My first memory of composting is from autumn 2004. My best friend and I were in the midst of a leaf fight. I have no idea if this is a normal kid’s game or just something two kids racing towards a sugar crash created in a fit of boredom. The rules of the game were simple: find any leaf and chuck it at your opponent.
My friend had the upper hand since we were in her backyard. She’d find all the leaves and heave them at me before I’d manage to spot even one. That is until I found a massive mound of red-orange leaves in the back corner of her yard. I made a beeline towards it and jumped on top. I dug my hands deep into the leaves only to find banana peels and apple cores and orange peels beneath them. I was alarmed but shrugged off the feeling since I knew this was my only hope of winning the leaf fight. I threw as much of the chunky leafy mix I could fit in my tiny hands when my friend yelled that what I was throwing was off-limits. That was the compost pile.
The what pile? I’d never heard that word before. My family certainly didn’t have any off-limits piles of leaves in our yard. We didn’t even have piles of leaves in our yard. They’d all been raked into black trash bags and left on the curb to be picked up. That night on the ride home I asked my parents about it. They told me it was just something some people did. And that was that.
I stored this memory in the part of my brain that holds slightly embarrassing childhood memories until I started college and randomly came across an article about someone who composted in their dorm’s mini-fridge. Instantly and out of nowhere, this uncontrollable desire to start composting sprouted. But, I lived in the middle of Manhattan where, one, composting isn’t all that common and, two, the dorms I lived in had weekly room checks meaning that an RA would’ve definitely found and confiscated the contraband compost.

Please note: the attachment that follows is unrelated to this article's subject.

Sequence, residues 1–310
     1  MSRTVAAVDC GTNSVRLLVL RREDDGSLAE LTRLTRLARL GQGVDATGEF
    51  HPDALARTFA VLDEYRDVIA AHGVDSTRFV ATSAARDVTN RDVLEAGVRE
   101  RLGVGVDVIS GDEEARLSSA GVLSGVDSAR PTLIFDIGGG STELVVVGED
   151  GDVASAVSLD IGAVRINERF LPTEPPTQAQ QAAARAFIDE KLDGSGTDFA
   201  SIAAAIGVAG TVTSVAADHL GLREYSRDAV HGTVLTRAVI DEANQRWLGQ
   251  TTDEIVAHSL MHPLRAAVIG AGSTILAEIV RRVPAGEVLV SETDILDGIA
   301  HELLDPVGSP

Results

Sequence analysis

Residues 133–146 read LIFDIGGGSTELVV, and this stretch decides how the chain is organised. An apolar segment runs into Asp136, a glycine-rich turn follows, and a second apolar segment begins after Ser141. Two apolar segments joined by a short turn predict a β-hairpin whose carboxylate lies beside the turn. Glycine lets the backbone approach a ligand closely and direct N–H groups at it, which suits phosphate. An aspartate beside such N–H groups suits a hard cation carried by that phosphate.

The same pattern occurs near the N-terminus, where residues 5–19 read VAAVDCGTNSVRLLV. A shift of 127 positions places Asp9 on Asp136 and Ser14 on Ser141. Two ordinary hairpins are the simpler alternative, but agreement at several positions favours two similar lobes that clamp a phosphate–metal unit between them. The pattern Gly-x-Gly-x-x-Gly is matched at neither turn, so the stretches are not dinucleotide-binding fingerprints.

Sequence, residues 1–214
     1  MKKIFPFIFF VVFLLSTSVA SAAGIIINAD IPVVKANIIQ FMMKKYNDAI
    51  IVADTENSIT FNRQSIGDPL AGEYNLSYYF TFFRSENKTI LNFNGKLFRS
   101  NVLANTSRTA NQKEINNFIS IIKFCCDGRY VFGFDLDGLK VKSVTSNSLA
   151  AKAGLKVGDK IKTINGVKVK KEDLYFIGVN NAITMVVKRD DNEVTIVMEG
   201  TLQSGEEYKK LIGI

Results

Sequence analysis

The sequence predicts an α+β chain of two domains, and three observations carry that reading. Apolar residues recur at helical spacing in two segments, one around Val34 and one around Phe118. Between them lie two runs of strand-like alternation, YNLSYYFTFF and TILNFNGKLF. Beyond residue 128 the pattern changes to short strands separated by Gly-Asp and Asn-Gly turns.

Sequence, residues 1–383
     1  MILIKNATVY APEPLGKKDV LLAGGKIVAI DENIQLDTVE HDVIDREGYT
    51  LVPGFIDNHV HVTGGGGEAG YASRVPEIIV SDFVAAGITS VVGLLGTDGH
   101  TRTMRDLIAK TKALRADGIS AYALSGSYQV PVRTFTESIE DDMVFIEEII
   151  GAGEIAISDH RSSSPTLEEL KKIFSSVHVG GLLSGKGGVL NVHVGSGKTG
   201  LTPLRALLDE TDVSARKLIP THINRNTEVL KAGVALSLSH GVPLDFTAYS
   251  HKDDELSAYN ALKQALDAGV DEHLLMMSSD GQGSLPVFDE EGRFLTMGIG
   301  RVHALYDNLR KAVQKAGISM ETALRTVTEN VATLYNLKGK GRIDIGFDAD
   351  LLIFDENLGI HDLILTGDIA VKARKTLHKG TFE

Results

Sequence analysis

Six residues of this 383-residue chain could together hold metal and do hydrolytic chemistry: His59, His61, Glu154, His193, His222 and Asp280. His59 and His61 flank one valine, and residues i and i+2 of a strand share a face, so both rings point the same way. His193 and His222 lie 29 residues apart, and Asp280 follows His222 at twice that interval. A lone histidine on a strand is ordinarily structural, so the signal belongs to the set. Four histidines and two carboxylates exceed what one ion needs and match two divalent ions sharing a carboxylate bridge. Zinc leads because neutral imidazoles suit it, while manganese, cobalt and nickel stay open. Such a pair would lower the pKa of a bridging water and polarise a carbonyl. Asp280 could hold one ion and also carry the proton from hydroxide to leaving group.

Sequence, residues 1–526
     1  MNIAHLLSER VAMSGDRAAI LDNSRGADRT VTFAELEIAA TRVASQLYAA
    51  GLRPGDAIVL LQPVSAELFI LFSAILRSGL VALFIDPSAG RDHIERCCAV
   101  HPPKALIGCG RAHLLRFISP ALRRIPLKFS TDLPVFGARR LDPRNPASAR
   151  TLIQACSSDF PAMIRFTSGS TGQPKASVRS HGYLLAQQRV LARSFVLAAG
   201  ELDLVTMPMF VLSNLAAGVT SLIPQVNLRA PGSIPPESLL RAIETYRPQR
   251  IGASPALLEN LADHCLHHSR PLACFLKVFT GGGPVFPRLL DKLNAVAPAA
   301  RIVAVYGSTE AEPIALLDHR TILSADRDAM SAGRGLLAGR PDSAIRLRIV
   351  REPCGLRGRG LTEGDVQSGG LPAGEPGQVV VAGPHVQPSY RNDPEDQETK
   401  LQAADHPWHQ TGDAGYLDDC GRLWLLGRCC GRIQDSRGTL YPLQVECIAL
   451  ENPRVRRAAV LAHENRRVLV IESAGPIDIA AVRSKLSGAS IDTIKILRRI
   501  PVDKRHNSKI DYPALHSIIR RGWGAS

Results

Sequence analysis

On and off for the next few years, I would collect compostables (and store them in my mini-fridge) until I could drop them off at the nearest city collection site. This only sated my desire until March of 2020.
Around mid-March, when it was apparent that something was about to go down, I made the decision to move home. Up until this point I had been living in Dublin where composting is commonplace. But now I would be back in the US and for the first time in about six years I wouldn’t be in a city. I would be in suburbia — in composting country.
After the move, I started small. Using a reclaimed plastic file storage bin, I indiscriminately re-homed any and all food scraps from the kitchen trashcan to the ‘compost’ bin. This attempt failed miserably. It had been going okay for the first few days until I noticed larvae and bugs and decomp that was not kosher. Trying desperately to not have my parents yell at me that they didn’t want bugs and rotting food in their garage, I moved the bin outside. This only worsened the situation. On the next downpour, the bin flooded and my attempt to resolve this situation only added fuel to the fire. This is when I realized that research was the much needed missing component in starting my oh so long for compost bin.
Round two started much more successfully. I’d read and researched the foundations of compost before even thinking about touching another fruit I’d have to peel. The whole process was both simpler and more complex than I’d initially thought. Yes, it is just compost, but it’s also a science: husbandry. Some people who are a little more invested in their compost manually add worms to speed up the process while others, like my best friend from childhood, left their compost on the ground so worms could find their way in. Both of these approaches, and many of the approaches I’d found online were not the right fit for us. They assumed that either you were committed to building an elaborate composting station, or had serious land and a complete lack of neighbors, or that you know what you’re doing. My Dad and I took the simplest and most R-R-R’s route — we found and repurposed a couple of blue storage bins that had been hiding out among our Christmas storage since the nineties.